cereal handles both serialisation and deserialisation, but blaze-builder only does serialisation; on the other hand, I think blaze-builder is faster. cereal's primary purpose is serialising something in a format you're not particularly picky about so you can read it back later with Haskell, meaning it uses a type-class extensively, so you have to be careful about using standard serialisations which do undesirable things like serialise arbitrary bignum Integers rather than fixed-size integers, while blaze-builder is more about custom formats. Still, it's pretty easy to use cereal with a custom format, and if you want to deserialise the structures from Haskell too, it's the obvious choice.

A quick glance at Hackage shows a well-maintained BSON package; that might be a good option if your structures are complex, but otherwise might be overkill.

I think using JSON for the Python→Haskell transport is probably the best idea; while you lose the nicety of having the same serialisation format being used both ways, JSON is very standard, and well-supported in Haskell by aeson. If you choose BSON for the Haskell→Python route, that could work too.

Other options I can think of:

  • There's two confusingly-named bindings for Apache Thrift on Hackage: Thrift and thrift; it seems like the former is being deprecated in favour of the latter. I don't really know anything about Thrift, though, so I can't say whether this would be helpful or not.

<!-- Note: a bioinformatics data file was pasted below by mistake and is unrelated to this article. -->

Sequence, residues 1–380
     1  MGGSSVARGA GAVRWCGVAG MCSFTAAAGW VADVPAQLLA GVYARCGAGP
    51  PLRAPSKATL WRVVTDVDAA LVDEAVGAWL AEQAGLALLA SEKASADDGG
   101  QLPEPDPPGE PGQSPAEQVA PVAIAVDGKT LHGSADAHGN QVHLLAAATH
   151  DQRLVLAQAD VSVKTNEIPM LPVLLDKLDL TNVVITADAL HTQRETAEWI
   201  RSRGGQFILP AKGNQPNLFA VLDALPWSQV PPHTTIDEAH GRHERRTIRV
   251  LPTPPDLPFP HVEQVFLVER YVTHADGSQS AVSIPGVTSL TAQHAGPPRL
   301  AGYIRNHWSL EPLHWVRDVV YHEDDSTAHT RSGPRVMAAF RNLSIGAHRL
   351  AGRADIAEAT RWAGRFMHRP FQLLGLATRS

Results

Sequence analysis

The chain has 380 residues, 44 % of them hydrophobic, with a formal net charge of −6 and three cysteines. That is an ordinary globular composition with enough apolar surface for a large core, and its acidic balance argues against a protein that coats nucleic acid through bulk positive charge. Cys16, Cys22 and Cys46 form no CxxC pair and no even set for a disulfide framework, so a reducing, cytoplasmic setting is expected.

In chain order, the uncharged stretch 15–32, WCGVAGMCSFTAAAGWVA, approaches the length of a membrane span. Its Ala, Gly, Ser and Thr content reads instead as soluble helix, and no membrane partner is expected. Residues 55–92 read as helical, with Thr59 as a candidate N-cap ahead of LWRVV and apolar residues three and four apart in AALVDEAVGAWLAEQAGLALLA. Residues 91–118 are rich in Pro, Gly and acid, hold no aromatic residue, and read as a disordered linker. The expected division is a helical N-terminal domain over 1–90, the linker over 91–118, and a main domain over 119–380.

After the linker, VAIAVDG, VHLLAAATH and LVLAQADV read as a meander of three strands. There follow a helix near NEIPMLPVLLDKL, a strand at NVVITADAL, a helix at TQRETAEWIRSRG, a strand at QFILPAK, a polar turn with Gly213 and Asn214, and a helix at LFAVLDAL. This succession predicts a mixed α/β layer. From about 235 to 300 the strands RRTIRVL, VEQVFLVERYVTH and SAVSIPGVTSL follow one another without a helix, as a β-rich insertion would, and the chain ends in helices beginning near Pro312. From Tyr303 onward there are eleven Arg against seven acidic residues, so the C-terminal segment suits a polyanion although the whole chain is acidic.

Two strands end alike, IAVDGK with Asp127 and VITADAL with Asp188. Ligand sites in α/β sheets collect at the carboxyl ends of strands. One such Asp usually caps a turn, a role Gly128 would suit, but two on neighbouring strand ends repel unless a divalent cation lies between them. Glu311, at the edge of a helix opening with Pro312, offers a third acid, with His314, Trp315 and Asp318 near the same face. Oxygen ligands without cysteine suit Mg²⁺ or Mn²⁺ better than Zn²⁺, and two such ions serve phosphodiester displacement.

• You could embed the Python code within the Haskell process using cpython or MissingPy (though the latter seems to be unmaintained).
  • You could use the FFI to export functions from Haskell, and then import them from Python using ctypes.
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I think the package you mean is called "cpython" and not "haskell-cpython." –  dflemstr Jan 16 '12 at 18:25
@dflemstr: Oh, thanks; the article I linked refers to it as the latter. –  ehird Jan 16 '12 at 18:33
I would like to avoid unnecessay complexity for the first version/prototype. Embedding (which could be also done with cython) adds a layer of complexity. IPC and keeping the two process separate seems more straightforward to me and open the doors to others front-end. –  LBarret Jan 17 '12 at 19:26
(for the record: your answer was as good as Ben above, but I can assign it only once) –  LBarret Jan 18 '12 at 8:36